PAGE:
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Soy Protein in Early Diabetic Nephropathy

This study has been completed.
Sponsor:
ClinicalTrials.gov Identifier:
NCT00067678
First Posted: August 27, 2003
Last Update Posted: August 18, 2006
The safety and scientific validity of this study is the responsibility of the study sponsor and investigators. Listing a study does not mean it has been evaluated by the U.S. Federal Government. Read our disclaimer for details.
Information provided by:
National Center for Complementary and Integrative Health (NCCIH)
August 25, 2003
August 27, 2003
August 18, 2006
July 2001
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Complete list of historical versions of study NCT00067678 on ClinicalTrials.gov Archive Site
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Soy Protein in Early Diabetic Nephropathy
Soy Protein in Early Diabetic Nephropathy
Diabetic nephropathy is a frequent cause of end-stage renal disease. Reduction of dietary protein has been used to slow down renal disease progression, but patients are often unwilling to make these dietary changes. Other research suggests that changing the quality of dietary protein may be as effective as reducing the total amount of ingested protein. This study hopes to show that soy protein, a plant protein relatively high in essential amino acids and with high nutritional value, maye be beneficial to Type I diabetic patients with incipient renal disease.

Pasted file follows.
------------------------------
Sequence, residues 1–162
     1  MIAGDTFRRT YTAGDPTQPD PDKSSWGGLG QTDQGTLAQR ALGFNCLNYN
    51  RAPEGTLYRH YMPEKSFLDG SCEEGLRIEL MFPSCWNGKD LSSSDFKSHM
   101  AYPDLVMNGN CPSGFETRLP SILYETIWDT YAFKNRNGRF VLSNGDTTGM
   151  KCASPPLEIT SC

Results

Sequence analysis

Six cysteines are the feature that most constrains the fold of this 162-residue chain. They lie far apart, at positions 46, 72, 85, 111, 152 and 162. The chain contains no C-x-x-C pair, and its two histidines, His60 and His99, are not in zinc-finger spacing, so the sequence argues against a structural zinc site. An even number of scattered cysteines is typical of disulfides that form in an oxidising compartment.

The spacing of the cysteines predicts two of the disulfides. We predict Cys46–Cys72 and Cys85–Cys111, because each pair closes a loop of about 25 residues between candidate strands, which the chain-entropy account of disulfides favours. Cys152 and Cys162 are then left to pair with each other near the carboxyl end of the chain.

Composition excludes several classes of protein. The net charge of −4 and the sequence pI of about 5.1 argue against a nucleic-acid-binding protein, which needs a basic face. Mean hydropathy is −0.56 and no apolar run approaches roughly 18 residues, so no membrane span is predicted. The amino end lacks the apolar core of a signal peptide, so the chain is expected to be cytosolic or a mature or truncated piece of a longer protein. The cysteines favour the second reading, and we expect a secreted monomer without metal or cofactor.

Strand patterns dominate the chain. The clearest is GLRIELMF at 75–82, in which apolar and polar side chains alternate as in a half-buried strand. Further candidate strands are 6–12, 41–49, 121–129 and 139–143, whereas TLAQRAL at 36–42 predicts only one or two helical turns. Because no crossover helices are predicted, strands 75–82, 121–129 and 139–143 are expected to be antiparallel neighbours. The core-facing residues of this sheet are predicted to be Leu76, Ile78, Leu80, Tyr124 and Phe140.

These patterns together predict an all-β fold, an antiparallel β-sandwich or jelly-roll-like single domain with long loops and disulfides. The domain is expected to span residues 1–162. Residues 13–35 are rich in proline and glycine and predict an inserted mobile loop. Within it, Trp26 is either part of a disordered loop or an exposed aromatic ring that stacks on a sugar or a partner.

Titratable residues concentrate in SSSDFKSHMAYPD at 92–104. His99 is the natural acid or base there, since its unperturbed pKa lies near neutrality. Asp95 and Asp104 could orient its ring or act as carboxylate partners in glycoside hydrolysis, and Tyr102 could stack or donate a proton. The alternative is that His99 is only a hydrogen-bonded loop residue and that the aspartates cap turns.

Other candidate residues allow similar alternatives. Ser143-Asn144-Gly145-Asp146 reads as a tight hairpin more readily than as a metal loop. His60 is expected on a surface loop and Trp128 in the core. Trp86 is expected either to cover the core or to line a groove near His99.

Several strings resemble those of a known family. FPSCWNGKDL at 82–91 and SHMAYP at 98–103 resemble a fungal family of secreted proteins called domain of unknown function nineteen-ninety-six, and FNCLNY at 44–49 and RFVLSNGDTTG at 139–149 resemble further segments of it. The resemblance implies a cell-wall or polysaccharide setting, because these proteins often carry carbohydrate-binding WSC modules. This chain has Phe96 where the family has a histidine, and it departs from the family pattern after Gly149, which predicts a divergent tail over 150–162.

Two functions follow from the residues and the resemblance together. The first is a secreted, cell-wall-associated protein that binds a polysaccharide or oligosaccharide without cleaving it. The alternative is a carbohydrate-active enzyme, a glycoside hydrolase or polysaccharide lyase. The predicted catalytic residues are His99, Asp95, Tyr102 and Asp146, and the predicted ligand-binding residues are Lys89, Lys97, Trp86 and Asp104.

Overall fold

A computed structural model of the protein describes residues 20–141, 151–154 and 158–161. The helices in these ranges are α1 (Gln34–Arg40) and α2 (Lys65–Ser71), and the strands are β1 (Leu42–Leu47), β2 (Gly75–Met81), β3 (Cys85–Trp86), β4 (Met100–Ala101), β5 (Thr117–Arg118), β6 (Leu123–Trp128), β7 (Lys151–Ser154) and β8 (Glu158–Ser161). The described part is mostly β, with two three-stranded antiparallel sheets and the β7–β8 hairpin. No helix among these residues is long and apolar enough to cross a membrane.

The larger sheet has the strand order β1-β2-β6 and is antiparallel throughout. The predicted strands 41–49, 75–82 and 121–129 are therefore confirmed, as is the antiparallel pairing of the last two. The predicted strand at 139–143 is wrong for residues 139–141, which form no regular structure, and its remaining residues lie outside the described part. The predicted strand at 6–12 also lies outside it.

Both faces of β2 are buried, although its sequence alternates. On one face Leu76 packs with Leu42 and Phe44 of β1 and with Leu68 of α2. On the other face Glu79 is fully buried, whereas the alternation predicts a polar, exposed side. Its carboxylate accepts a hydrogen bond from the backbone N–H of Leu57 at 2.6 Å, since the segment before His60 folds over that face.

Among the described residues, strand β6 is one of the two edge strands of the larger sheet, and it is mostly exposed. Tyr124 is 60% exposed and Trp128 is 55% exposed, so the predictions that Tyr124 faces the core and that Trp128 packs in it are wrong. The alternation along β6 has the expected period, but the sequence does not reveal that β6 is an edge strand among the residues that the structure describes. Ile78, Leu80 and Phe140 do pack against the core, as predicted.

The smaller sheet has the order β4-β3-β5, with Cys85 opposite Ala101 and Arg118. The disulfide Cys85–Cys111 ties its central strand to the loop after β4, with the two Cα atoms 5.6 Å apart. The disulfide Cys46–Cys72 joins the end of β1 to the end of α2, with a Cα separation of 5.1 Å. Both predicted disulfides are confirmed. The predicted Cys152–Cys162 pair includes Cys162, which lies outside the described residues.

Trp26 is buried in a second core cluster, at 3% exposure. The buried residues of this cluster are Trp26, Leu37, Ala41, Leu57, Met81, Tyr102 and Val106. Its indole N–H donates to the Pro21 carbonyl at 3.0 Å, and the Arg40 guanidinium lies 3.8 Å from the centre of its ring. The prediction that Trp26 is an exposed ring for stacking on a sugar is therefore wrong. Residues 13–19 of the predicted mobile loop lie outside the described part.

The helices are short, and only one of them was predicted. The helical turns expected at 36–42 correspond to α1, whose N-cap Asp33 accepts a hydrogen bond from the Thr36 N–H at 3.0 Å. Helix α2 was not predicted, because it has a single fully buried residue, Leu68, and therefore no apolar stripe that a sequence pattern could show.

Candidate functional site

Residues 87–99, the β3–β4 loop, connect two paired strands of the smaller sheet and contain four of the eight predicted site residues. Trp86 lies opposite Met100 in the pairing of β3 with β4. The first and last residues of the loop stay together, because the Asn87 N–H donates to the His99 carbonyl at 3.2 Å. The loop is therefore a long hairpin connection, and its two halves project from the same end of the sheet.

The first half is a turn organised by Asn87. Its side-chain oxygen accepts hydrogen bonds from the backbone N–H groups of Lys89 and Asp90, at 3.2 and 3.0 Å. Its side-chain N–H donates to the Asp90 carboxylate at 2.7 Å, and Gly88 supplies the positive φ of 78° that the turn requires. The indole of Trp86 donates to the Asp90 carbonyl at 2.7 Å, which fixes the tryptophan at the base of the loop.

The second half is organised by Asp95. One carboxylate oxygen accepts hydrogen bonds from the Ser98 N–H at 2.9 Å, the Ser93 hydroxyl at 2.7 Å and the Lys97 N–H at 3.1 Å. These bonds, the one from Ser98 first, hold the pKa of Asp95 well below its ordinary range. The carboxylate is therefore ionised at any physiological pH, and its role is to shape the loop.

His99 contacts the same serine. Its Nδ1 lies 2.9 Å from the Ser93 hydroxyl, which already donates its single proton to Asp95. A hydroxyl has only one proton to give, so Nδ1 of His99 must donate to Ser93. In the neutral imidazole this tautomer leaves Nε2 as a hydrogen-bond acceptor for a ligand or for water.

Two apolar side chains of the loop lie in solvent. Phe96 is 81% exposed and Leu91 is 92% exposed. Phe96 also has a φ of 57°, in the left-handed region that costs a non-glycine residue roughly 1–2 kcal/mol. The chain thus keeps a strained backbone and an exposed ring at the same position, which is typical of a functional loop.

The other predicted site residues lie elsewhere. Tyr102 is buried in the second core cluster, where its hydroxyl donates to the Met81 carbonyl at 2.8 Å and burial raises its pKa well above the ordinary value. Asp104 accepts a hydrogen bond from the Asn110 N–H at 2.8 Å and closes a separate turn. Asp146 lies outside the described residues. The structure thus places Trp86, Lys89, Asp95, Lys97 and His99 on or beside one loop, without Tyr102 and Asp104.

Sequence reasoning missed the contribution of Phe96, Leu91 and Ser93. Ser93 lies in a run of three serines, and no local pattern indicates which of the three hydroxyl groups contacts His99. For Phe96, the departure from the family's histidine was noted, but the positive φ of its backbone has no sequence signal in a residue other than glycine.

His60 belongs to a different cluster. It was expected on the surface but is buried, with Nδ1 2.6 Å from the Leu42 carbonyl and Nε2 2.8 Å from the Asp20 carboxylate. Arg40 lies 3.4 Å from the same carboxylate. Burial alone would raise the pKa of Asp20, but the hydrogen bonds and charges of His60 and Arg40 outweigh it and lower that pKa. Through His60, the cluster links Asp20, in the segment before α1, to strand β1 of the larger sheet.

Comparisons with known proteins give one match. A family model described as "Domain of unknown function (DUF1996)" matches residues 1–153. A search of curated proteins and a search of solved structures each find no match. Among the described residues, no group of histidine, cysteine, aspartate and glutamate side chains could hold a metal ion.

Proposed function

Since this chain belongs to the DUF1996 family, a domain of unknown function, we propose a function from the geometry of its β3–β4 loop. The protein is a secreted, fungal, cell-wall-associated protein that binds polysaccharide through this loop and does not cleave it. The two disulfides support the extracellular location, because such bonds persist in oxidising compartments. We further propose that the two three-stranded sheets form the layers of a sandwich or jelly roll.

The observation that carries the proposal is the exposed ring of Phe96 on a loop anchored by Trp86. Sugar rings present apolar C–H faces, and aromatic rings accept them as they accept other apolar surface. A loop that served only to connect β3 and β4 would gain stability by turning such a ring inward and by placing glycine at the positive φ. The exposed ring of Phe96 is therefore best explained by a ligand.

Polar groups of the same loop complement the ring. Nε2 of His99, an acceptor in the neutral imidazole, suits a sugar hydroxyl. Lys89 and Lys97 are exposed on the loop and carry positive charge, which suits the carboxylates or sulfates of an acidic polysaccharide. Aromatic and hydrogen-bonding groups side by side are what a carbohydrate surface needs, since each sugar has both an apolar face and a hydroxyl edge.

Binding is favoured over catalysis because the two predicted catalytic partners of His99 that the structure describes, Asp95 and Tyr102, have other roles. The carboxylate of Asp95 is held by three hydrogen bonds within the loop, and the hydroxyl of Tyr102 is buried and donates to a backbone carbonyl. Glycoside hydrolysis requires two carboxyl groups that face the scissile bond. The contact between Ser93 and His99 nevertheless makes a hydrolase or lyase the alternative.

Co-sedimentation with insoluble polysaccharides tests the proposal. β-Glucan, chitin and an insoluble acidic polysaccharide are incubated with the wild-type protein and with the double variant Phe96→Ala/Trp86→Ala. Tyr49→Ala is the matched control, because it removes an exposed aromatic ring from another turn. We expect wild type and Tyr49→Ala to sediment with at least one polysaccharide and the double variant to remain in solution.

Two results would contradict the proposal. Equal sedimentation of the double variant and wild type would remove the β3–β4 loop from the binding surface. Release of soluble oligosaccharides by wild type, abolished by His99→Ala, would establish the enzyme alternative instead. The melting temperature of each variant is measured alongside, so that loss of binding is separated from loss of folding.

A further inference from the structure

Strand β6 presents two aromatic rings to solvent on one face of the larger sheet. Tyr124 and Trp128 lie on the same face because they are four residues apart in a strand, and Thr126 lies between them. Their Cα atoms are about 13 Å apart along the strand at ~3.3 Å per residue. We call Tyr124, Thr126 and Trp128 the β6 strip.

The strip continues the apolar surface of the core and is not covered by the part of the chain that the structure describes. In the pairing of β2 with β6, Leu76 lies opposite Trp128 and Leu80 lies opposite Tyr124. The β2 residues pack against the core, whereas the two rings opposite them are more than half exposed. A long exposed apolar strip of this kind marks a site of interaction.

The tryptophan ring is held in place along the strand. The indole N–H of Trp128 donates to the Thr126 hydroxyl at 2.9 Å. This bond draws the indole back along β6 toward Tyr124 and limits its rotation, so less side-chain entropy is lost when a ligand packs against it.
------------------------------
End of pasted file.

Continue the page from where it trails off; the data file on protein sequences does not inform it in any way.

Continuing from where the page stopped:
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Interventional
Phase 1
Phase 2
Allocation: Randomized
Intervention Model: Parallel Assignment
Masking: Double
Primary Purpose: Treatment
  • Diabetic Nephropathy
  • Diabetes Mellitus
Drug: soy protein
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*   Includes publications given by the data provider as well as publications identified by ClinicalTrials.gov Identifier (NCT Number) in Medline.
 
Completed
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June 2003
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Inclusion criteria:

  • Age 18-40;
  • Diabetic nephropathy;
  • Type I diabetes mellitus.
Sexes Eligible for Study: All
18 Years to 40 Years   (Adult)
No
Contact information is only displayed when the study is recruiting subjects
United States
 
 
NCT00067678
R21AT000323-01( U.S. NIH Grant/Contract )
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National Center for Complementary and Integrative Health (NCCIH)
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Principal Investigator: Paolo Fanti, MD University of Kentucky
National Center for Complementary and Integrative Health (NCCIH)
August 2006

ICMJE     Data element required by the International Committee of Medical Journal Editors and the World Health Organization ICTRP